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PhD in Computational Evolution

About This PhD Project

Project Description

Research project introduction:

A fully funded PhD scholarship in computational evolution is available in the Centre for Computational Evolution (CCE) at the University of Auckland. This will involve work on developing next generation models for inferring evolutionary history, including applications to the cultural evolution of languages. This research builds on prior work in the CCE developing Bayesian phylogenetic analysis tools (BEAST 2) and the application of these tools to diverse areas, including the evolution of culture and language (Bouckaert et al (2012), Science, and Bouckaert et al., 2018, Nature Ecology and Evolution). The PhD position comes with a stipend of $NZ27,500 per annum and payment of enrolment fees. There is no teaching requirement associated with the stipend.

Research project objectives:

The research will include the design and development of new mathematical and computational models using Bayesian phylogenetic inference and the multi-species coalescent implemented in the popular BEAST 2 software package. The successful candidates will work with an international team of computational biologists, evolutionary biologists and linguists to both develop new methods and test them on a number of exciting data sets. The student will focus on developing new computational models for genetic and linguistic language evolution implemented in the BEAST 2 software package.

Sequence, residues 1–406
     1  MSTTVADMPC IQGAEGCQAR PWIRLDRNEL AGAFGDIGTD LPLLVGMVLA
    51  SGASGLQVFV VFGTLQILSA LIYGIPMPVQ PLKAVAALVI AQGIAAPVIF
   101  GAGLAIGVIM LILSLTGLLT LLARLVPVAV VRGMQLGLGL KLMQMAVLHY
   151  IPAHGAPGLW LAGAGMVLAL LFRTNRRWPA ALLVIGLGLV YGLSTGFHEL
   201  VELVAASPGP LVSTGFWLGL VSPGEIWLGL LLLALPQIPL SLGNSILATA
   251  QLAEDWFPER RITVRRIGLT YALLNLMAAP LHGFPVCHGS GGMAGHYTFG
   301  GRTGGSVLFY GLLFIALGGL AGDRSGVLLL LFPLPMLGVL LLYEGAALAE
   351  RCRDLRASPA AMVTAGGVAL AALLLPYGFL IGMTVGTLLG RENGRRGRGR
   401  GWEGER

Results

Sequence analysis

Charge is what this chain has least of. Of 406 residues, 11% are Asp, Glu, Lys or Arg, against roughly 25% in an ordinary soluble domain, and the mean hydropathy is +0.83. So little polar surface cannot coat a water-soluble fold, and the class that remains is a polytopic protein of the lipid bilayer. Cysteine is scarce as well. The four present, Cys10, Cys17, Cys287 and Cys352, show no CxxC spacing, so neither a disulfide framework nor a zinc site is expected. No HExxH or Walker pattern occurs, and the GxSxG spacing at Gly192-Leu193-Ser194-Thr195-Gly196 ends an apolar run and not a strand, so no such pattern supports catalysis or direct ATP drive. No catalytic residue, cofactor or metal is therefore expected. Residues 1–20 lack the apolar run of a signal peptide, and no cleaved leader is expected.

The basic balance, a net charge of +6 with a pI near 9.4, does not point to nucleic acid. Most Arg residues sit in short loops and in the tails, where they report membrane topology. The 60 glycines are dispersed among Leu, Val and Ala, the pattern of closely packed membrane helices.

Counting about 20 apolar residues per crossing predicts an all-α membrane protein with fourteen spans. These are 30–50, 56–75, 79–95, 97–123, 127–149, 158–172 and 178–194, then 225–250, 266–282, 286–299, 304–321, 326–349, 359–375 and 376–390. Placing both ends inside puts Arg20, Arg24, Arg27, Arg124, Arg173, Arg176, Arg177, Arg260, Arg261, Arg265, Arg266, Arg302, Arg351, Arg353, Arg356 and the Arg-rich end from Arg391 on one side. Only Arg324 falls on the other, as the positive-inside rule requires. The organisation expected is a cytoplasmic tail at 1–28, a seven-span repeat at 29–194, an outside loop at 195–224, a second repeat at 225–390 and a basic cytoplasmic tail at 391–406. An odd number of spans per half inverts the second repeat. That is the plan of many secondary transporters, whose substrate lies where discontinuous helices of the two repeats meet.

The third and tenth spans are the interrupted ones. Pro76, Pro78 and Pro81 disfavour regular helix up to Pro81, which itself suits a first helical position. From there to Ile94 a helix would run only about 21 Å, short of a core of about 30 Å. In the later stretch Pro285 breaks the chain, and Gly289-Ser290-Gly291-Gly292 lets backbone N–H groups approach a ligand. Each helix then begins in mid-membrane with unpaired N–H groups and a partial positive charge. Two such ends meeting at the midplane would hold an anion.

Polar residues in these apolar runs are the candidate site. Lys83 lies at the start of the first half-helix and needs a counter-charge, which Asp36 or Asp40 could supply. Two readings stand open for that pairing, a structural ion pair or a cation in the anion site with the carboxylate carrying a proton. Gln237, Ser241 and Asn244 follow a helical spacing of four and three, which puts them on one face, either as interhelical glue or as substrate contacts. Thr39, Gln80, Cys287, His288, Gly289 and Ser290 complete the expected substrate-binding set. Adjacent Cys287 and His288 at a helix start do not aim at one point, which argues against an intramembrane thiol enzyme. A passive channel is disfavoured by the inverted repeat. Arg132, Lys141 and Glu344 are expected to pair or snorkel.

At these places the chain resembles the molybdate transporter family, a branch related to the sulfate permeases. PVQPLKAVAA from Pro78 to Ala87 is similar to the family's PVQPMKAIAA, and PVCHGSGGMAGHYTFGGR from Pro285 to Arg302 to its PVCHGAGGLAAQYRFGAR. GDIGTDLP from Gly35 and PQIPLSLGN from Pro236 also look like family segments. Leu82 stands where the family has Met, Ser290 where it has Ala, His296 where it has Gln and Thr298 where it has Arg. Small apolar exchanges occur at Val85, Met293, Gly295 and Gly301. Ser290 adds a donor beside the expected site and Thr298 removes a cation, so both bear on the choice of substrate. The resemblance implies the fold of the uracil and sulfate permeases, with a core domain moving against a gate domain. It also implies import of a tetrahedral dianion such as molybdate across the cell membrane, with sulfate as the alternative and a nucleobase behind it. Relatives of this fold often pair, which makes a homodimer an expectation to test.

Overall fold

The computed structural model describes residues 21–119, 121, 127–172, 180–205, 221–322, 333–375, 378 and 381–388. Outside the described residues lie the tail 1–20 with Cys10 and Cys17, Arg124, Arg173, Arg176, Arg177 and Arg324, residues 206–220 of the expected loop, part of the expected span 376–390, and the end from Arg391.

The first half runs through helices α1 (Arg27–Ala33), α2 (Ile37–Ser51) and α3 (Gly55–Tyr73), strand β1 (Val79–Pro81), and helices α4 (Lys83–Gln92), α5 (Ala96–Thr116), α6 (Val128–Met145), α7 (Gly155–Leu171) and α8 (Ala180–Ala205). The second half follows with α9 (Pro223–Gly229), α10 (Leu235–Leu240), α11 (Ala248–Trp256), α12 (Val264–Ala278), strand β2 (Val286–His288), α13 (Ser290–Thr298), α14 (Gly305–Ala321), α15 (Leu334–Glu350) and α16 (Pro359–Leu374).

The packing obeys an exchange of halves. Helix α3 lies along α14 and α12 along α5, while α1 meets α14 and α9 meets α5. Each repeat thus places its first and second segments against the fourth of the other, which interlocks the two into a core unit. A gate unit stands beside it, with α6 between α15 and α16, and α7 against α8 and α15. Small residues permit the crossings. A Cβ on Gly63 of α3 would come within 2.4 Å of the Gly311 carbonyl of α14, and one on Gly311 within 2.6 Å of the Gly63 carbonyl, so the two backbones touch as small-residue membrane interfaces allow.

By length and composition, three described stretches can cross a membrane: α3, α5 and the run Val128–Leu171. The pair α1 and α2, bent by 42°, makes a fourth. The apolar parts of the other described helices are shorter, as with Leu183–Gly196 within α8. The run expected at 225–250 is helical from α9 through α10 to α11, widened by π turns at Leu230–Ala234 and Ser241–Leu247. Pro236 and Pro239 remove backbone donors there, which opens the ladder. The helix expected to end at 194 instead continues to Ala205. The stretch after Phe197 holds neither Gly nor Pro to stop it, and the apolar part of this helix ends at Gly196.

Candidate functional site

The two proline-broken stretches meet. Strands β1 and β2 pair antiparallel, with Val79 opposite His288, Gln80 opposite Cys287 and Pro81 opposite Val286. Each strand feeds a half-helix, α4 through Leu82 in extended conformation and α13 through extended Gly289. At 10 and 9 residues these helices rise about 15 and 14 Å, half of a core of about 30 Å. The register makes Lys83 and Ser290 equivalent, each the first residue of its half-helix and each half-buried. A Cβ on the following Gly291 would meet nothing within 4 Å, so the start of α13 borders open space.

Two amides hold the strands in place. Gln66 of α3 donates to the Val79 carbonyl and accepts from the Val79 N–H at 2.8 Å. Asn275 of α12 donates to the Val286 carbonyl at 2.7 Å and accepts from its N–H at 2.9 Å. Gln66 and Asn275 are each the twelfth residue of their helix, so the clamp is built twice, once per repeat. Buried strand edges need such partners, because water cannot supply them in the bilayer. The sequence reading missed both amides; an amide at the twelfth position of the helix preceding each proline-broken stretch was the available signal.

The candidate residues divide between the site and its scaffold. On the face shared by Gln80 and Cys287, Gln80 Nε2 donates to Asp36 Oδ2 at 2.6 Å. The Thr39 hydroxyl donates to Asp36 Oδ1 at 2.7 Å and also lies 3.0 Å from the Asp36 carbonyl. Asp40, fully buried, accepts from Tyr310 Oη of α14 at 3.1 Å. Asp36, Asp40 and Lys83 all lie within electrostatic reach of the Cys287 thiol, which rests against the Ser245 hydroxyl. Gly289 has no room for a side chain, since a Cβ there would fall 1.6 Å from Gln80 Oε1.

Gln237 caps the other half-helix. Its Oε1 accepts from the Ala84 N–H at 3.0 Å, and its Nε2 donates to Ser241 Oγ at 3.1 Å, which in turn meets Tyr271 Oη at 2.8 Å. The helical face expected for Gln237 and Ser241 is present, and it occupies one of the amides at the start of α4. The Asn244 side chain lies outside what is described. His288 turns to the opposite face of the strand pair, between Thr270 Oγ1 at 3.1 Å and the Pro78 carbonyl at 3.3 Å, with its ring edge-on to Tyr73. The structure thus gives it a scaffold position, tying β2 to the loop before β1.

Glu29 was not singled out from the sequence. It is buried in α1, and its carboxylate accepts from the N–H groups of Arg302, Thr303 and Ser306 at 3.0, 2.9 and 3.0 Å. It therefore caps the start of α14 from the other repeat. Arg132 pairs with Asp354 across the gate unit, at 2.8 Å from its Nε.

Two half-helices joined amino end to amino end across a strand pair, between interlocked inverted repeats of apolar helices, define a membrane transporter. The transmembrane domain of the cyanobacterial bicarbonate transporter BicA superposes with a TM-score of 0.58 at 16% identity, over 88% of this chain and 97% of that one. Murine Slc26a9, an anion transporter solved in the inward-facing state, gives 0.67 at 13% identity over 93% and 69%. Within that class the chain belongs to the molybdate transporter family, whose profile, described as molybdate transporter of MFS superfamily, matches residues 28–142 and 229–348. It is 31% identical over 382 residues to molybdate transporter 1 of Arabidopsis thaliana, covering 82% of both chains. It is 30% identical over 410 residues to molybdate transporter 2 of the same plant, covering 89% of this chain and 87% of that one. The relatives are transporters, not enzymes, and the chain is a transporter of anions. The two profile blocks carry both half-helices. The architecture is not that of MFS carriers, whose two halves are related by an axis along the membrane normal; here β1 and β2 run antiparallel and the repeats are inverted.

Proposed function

Criteria for succesful applicant:
The successful applicants will have a strong background in a quantitative subject (such as Computational Biology, Mathematics, Statistics, Computer Science, Physics or similar), an understanding of Bayesian statistics, some experience of coding and ideally have had some exposure to, or at least a strong interest in, phylogenetic methods or linguistics. The exact nature of the work will depend on the strengths and background of the successful candidates.

Other information:

The successful candidates will work with an international team including Dr Remco Bouckaert, Prof Alexei Drummond, Prof Quentin Atkinson (University of Auckland), Prof Russell Gray (Max Planck Institute, Jena) and Prof Craig Moritz (ANU), as well as expert collaborators with knowledge of specific linguistic datasets at the Max Planck Institute for the Science of Human History, and molecular data sets at the Australian National University.

For more information and to express interest for the PhD candidate positions, please send a cover letter, your CV and list of grades to Dr Remco Bouckaert ().

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